RE: Good Manuals - Why Rare.

Subject: RE: Good Manuals - Why Rare.
From: "Humbird, LenX" <lenx -dot- humbird -at- intel -dot- com>
To: "'TECHWR-L'" <techwr-l -at- lists -dot- raycomm -dot- com>
Date: Thu, 16 Mar 2000 15:43:33 -0800

If a concept can be communicated in less time using a graphic rather than
text, then graphic artists should be producing manuals, not us. The goodness
of a manual is subjective: the reader is doing the translating, converting a
manual's content into an idea, and then into action.

The purposes of a manual and a novel are diametrically opposed. With a
novel, you read for pleasure to allow time to pass pleasurably. With a
manual, every minute the reader spends trying to comprehend a concept or
procedure is time not spend being productive. The less time the reader has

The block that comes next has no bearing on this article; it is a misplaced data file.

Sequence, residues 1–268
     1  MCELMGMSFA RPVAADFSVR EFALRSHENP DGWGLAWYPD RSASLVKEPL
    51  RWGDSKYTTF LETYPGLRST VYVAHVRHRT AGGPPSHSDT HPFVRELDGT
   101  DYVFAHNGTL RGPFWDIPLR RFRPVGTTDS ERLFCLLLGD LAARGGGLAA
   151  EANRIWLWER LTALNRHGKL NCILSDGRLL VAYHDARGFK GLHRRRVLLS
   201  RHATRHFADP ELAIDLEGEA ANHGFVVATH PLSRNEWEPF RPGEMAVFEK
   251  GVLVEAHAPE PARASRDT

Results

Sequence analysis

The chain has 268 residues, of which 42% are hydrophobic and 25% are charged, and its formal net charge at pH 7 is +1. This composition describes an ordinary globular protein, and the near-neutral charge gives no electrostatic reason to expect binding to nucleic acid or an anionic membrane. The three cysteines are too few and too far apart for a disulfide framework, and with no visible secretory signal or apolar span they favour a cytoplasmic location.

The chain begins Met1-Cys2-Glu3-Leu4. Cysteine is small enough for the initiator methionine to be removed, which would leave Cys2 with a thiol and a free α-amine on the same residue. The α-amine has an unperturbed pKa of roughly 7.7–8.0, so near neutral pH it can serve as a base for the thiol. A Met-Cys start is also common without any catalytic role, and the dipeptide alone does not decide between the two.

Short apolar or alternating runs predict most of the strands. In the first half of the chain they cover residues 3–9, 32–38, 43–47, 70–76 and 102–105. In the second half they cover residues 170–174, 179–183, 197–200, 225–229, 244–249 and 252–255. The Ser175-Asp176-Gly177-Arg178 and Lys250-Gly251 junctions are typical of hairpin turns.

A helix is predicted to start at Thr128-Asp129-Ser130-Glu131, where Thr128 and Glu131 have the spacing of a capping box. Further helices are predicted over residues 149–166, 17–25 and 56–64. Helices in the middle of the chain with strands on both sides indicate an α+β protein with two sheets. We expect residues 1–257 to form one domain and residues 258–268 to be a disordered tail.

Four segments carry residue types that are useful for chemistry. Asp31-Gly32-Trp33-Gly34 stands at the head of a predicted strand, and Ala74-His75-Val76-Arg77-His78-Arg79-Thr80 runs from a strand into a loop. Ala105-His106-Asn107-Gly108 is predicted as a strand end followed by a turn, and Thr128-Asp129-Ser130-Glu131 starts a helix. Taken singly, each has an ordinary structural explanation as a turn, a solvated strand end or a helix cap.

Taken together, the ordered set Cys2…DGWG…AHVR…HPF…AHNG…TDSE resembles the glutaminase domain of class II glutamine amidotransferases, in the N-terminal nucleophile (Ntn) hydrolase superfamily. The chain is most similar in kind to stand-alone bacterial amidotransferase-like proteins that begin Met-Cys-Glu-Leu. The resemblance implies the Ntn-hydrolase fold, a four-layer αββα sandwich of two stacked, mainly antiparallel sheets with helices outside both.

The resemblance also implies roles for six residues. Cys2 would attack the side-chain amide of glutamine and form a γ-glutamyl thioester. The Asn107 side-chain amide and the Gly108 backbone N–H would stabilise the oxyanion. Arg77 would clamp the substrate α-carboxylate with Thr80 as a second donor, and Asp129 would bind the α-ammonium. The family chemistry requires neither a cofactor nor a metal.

to deal with the manual, the better.

Words are not always the most efficient symbols for conveying an idea. If a
single well-designed graphic can take the place of one or more steps in a
procedure, several things take place: comprehension goes up, time spent
learning goes down, and the need for localization (language translation)
goes down. The issue to be tackled is, how much more time and money can a
business tolerate spending on these benefits? A manual is part of the
company's PR package. How refreshing it would be to unburden a requirement
that a customer read in order to comprehend.

As tech writers, we can all eventually learn to "bang out" concepts and
procedures quickly. But how many of us can sketch out a decent diagram on a
white board - let alone pilot Adobe Illustrator? How many of us just *know*
the appropriate place where an illustration should be?

Of course, in a really, really perfect world, we would have little use for
manuals because the technology would be constructed intuitively, so that
even to the idiots of the world can understand it. Tell me: am I crazy for
not wanting to live in a world where you can't tell the smart people form
the idiots?!

Nevermind - don't answer that.

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